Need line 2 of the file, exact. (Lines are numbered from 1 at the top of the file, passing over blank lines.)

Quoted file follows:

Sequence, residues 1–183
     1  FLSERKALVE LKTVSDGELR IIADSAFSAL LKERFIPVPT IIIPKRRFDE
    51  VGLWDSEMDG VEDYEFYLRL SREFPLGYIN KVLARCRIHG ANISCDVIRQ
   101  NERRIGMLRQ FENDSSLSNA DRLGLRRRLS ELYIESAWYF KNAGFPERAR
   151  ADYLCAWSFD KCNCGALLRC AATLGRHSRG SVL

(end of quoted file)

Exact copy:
     1  FLSERKALVE LKTVSDGELR IIADSAFSAL LKERFIPVPT IIIPKRRFDE